Banded Hills, Toadstools and Canyons – Kane County, UT

While perusing my recent photos I realized I’d overlooked some activities we enjoyed along scenic US 89 near the Utah state line while camping in Page, AZ.  There are two accessible areas of the Grand Staircase-Escalante National Monument between Kanab and Page.  Folks who enjoyed my Lower Antelope Canyon photos (click here to see them) might also like the ones I took in this area.

Pahreah (now called Paria) Townsite Road

Pahreah Townsite Marker

Pahreah townsite marker

We learned about this road from John and Pam, and Dave and Sue, who explored it a week ahead of us. It leads to the remains of Pahreah townsite and descends from the junction with US 89 (milepost 31) into a valley.  The road becomes steep and twisting near the end, as it crosses the undulating banded hills that cover the area.

Our Honda CRV survived the 12-mile roundtrip drive, but it was a long haul and we realized that 4-wheel drive would be required if the road were muddy.

 

Pahrea Townsite

These colored canyons were the backdrop for several movies and TV shows

Banded Hills

The original Pahreah townsite is located just across the river, but none of the structures remain.  The settlement was established in 1869 and subsequently abandoned 40 years later due to frequent river flooding.  The river flows along a wide valley and is often dry during the summer, and covered in places by an extensive plain of white salt crystals.  The crystals result when the floodwaters recede and then evaporate.

San Juan River

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There also used to be a movie set here, located at the bottom of a multi-colored sandstone canyon. Western movies and TV shows were filmed between 1963-1991, but floods and vandalism took their toll and the set was abandoned.

Pahreah Movie Set

The scenery is left untouched since the Pahreah movie set disappeared

Paria Canyon

Here’s what slow erosion looks like

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The area is surrounded by amazingly colorful rocks.  The cliffs at either side are equally layered and multi-colored, with alternating red, white, purple and grayish-blue strata.  A Petrified Forest Member of the Chinle Formation, this fascinating place reminded me of the Painted Desert National Park in Arizona.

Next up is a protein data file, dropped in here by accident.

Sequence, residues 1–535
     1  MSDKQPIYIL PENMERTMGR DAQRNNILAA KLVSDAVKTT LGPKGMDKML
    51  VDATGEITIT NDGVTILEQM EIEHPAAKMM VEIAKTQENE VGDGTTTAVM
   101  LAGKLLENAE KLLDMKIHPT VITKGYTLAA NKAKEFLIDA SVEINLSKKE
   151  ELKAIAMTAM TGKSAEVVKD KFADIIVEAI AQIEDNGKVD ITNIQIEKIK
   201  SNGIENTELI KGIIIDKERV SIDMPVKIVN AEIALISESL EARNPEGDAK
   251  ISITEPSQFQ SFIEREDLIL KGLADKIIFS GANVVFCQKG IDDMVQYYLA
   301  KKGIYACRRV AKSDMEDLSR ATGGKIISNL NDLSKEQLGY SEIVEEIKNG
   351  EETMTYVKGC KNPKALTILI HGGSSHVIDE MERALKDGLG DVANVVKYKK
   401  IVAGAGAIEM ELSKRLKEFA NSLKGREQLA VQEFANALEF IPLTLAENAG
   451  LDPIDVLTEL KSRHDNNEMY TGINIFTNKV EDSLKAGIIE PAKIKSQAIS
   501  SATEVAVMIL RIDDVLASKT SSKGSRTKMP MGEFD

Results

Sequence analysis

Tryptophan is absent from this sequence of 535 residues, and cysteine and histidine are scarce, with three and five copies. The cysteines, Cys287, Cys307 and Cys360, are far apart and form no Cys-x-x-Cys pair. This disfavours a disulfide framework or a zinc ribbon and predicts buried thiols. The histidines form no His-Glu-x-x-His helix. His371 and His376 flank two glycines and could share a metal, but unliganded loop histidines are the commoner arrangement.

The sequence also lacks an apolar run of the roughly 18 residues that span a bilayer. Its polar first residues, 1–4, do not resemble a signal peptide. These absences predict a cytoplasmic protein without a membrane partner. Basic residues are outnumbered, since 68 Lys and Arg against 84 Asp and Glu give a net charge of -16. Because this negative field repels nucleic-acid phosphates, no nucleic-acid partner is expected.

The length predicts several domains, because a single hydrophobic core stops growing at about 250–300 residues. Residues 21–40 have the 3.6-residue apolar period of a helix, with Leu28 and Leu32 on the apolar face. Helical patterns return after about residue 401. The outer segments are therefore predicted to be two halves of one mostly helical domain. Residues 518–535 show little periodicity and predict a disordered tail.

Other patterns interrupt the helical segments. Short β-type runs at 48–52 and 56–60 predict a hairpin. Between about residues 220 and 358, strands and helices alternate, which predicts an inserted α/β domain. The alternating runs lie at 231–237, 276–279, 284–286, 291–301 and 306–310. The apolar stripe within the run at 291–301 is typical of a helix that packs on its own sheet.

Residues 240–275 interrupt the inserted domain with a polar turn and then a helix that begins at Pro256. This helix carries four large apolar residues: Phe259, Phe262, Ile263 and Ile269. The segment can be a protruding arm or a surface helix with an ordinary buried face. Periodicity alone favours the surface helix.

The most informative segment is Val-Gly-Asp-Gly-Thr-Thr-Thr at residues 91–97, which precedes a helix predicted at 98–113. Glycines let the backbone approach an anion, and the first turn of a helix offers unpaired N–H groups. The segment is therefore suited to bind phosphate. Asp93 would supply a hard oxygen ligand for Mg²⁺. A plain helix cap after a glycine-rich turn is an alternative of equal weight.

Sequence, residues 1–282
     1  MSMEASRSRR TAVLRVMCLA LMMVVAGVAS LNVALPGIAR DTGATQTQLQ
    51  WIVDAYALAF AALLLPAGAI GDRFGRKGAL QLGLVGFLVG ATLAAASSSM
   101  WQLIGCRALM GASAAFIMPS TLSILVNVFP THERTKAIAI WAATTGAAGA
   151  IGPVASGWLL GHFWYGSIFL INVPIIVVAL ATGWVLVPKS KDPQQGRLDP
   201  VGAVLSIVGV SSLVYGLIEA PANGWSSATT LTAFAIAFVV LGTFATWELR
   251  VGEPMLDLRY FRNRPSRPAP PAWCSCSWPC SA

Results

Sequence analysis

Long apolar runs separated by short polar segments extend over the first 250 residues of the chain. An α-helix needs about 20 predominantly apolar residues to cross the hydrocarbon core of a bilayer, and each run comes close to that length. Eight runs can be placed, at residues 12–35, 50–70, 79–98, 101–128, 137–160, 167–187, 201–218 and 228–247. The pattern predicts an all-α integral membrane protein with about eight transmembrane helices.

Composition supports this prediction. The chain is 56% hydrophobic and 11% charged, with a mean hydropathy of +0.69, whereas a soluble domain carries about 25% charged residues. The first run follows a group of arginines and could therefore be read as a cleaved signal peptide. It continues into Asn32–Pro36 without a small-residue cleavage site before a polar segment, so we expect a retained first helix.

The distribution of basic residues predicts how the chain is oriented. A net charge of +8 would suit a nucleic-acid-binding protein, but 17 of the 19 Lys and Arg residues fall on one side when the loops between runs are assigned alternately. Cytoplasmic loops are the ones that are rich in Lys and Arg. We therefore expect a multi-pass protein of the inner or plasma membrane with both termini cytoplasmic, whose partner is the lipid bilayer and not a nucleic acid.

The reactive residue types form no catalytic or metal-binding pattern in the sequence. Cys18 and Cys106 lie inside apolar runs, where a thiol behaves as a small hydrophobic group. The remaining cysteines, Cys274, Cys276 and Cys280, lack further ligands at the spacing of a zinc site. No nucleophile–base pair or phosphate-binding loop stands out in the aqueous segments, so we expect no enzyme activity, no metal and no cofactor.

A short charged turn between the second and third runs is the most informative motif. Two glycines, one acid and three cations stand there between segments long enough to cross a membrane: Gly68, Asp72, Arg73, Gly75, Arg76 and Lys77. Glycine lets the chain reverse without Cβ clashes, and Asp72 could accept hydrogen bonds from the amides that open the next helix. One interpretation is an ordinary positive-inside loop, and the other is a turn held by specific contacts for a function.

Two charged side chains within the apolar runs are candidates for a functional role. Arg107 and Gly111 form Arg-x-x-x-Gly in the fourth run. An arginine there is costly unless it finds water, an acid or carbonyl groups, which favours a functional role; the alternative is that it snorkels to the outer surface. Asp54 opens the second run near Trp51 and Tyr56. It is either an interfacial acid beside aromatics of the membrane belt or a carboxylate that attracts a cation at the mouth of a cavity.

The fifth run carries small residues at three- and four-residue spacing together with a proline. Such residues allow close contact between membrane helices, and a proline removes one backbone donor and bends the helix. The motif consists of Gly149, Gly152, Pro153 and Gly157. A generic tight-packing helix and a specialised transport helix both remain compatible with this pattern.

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Paria Rim Rocks – Toadstool Trail

2016-03-26-UT-1470020.jpgAlso along US 89 and within the Grand Staircase-Escalante National Monument was the Toadstool Trail.  We followed the short .8 mile trail that led into an area of unusual rock formations known as toadstools, hoodoos, goblins or mushrooms.

Toadstool Trail

White Cliffs over the Carmel Formation

Goblins

Don’t they look like goblins?

The many balanced boulders are created by blocks of hard sandstone perched atop narrow columns of softer rock that has eroded around and under them, resulting in a “toadstool” look:

There were some unusual rounded mounds of rock as well:

I don’t know about you, but we think these are some pretty cool formations and agree with our friends that they are definitely worth a visit.

Wiregrass Canyon Trail

Our reliable hiking tipster, Pam, suggested we would enjoy the 6-mile Wiregrass Canyon Trail, which is located 12 miles north of Page off US 89.  So on our last day in town we tackled the trail that took us into Wiregrass Canyon, a steep-sided wash that leads down to Lake Powell (although we didn’t go that far).  We did some scrambling up and down pour off’s and hiked through the wash between multi-colored sandstone.

Wire grass Canyon

The trail leads down into the canyon

Wire grass canyon trail

Natural Bridge

Taking a break at a natural bridge

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This might be the second bridge (or arch) Pam was looking for?

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Studying the green-colored layer

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There are some very unique formations here

We saw several colorful patches like this along the trail

We saw several colorful patches like this along the trail

Mini Hoodoos

Mini-hoodoos standing at attention

This was a great hike, with fascinating exposed geologic formations.  We find that canyon hikes always display different geology, colors and formations that make each one unique and interesting, and we never get tired of them.  Especially in Utah!

Let me leave you with a few more scenic vistas, colored mountains and formations we saw along scenic US 89 between Kanab and Page:

Carmel Formation

Tropic Shale Formation

Tropic shale formation

Lone Rock

Lone Rock at Lake Powell

Hoodoos

Giant hoodoos along US 89

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The Navajo Generating Station south of  Manson Mesa can be seen from many miles away

This area between southwest Utah and northern Arizona is incredibly geologically diverse. There’s so much to explore here that we’re hoping to make it back next year.

After each day of running around between Arizona and Utah, we settled into our spacious site next to a campfire:

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Y’all come back now, ya hear?

 

Next up:   A Glimpse of Past Inhabitants